• Castaic Lake North on the Old Ridge Route: High clearance vehicles only, though we did it in a Bolt. Don’t try this route when it’s wet. https://goo.gl/maps/ubcfuAYB7U2Q2JZK7
  • Piru Gorge to Pyramid Dam: 4.5 mile out and back trail on old Hwy 99 from the Frenchman Flat’s campground to the base of Pyramid Lake dam. Prominent outcrops of Ridge Basin sedimentary rocks including ripple marks. https://goo.gl/maps/RoCxESiuQp9p2z2w8
  • St Francis Dam Disaster Site on San Francisquito Canyon Rd: This is another car trip. This route goes from I-5 at Santa Clarity east bound to Elizabeth Lake. It passes through a canyon famous for the power plants, penstocks, and power lines of LADWP. It’s also infamous for the St Francis Dam Disaster. There’s an old road that where you can walk to the dam site. Roundtrip is about 2 miles out and back. The first link is to the dam site. The second is the route we took.https://goo.gl/maps/EPtnYVKsJDqdvHPg8, https://goo.gl/maps/spX8DBxsAT7szK3Q8
  • Wallace Creek Interpretive Trail along the San Andreas Fault on Carrizo Plains National Monument. https://goo.gl/maps/p9ZvTRv8qQvbfkPg9
  • Pacific Crest Trail Northbound, Walker Pass Trailhead. Dry and hot but spectacular vistas beginning at 5,200 feet. https://goo.gl/maps/BjNWeQmHcsdn2kgA8
  • Kern Canyon Trail Southbound parallel's the river and Hwy 178. https://goo.gl/maps/zJx1PA5TNd6B36cVA
  • St. Francis Dam Disaster site on San Francisquito Canyon Road midway between Valencia and Green Valley. The drive through the canyon alone is worth the trip. https://goo.gl/maps/3HnzrhhefRS38an3A
  • Weedpatch Camp made famous by John Steinbeck in the Grapes of Wrath just south of Lamont. https://goo.gl/maps/geYu35qVPkxB8uKL6
  • National Cemetery off Hwy 58 and Bear Mountain Blvd. https://goo.gl/maps/QrJNoiGAH4uDbXFe6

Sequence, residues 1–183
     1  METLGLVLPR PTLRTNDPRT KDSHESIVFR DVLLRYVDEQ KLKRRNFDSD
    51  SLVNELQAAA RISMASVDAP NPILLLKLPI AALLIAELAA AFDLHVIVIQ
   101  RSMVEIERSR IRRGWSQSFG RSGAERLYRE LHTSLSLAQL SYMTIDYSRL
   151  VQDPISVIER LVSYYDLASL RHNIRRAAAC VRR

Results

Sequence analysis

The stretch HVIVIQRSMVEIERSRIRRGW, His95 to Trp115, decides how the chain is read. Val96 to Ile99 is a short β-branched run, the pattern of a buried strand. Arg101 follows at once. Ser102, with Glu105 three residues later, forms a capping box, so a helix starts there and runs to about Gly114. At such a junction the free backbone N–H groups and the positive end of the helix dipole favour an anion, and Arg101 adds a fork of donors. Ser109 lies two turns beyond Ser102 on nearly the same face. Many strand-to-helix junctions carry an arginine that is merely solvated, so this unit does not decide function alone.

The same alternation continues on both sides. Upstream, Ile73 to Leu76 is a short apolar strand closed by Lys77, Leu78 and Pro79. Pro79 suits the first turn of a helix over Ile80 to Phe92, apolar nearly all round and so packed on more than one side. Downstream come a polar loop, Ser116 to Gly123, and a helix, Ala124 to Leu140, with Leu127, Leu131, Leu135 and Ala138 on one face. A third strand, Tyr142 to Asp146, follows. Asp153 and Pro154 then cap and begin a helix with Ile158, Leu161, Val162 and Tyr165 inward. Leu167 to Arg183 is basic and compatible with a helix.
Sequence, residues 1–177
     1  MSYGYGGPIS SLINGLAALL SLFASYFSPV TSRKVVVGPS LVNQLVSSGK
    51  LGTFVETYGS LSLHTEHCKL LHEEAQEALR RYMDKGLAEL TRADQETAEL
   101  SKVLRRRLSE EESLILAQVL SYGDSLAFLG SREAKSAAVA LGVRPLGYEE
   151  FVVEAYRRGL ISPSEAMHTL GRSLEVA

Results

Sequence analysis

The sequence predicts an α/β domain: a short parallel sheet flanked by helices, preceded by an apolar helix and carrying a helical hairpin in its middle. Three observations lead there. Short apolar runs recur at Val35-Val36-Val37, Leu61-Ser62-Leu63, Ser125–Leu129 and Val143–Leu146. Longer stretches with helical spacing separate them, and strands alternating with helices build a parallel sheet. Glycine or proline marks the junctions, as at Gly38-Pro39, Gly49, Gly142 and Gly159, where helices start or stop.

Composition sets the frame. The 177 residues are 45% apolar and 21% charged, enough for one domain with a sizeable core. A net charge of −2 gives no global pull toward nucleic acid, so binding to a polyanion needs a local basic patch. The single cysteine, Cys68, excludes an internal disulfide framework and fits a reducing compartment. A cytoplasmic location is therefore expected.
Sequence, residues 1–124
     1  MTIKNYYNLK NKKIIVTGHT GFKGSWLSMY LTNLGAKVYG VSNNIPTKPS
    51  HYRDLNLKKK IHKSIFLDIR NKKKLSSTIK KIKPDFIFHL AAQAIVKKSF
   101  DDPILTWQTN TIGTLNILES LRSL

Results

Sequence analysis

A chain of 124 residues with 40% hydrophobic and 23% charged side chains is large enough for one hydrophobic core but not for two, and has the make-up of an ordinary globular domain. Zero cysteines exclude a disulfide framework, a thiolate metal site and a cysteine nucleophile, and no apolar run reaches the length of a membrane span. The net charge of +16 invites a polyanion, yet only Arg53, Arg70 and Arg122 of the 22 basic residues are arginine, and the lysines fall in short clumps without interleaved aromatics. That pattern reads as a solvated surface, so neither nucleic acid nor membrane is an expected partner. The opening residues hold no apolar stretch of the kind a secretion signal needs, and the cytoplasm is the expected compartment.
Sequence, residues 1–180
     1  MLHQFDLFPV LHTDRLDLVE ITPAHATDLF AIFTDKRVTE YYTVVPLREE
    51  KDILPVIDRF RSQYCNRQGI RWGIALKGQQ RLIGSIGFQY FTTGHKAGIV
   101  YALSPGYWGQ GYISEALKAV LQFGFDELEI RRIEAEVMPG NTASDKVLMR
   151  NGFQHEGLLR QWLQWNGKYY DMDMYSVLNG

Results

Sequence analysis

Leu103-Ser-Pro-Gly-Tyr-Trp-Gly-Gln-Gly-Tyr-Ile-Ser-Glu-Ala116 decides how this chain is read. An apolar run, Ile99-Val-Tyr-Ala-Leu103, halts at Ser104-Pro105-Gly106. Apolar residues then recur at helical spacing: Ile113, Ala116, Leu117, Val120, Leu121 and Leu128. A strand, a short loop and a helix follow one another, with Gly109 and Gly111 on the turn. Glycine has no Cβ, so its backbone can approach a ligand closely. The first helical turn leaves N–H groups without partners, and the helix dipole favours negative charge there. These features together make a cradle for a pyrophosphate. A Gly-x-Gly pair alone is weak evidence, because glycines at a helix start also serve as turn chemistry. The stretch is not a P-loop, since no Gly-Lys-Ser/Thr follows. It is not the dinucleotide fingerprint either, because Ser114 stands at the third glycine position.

• PCT Northbound from Bouquet Canyon (Seasonal Water Point). Best early in the season, February or March to mid-April. By May this segment will be very warm midday. Chaparral with little shade. https://goo.gl/maps/uUZCo8k9UZwWnGtm6
  • Great Western Divide Hwy via Springville, Quaking Aspen, Dome Rock, Trail of 100 Giants, Forest Route 23S16 to Greenhorn Summit and Hwy 155 back to Bakersfield. From M50 to Portuguese Pass note that the road is paved but very narrow. Drive with extreme caution. We met only one other vehicle but they were driving much too fast for the conditions and it was a near miss! Spectacular views and very remote. https://goo.gl/maps/h7kTqTDfJccXk3eLA
  • Shirley Meadows (Cooks Peak south side) in search of the rare Greenhorn Fritallary and Shirley meadows star tulip. Graded dirt road passable in our Bolt. Rancheria road is closed so we returned the same way we entered. https://goo.gl/maps/NPro6YCeJMLkp7sH8.
  • Baker Point Lookout is a two-hour drive from Bakersfield and a 2.75 mile roundtrip hike with 500 feet of elevation gain but worth every bit of it. The abandoned lookout is in the midst of a botanical preserve and we saw the endemic Kern swertia or Kern Frasera (Frasera tubulosa) on our hike. We also found another endemic Colville's wyethia (Wyethia invenusta) on the rocky trail to the lookout. Here's the location: https://goo.gl/maps/FDeMdSQKm3DzvVmb8. Here's the route we took from Bakersfield: https://goo.gl/maps/iYdawqpkLwiLuTgq5.
  • Darwin Falls on the western edge of Death Valley National Park is a 3.5 hour drive from Bakersfield via Ridgecrest, California and the Panamint Valley. This requires one charge stop at Inyokern in a Chevy Bolt or equivalent EV. You can make a big loop by returning via a charge stop at Coso Junction. The falls are a two mile roundtrip hike. This is a trip in an EV that’s best done with an overnight in Ridgecrest. https://goo.gl/maps/L4paE2mz3zGTeSx9A See Covid Escape: Darwin Falls via Ridgecrest and Return via Coso Junction for more information.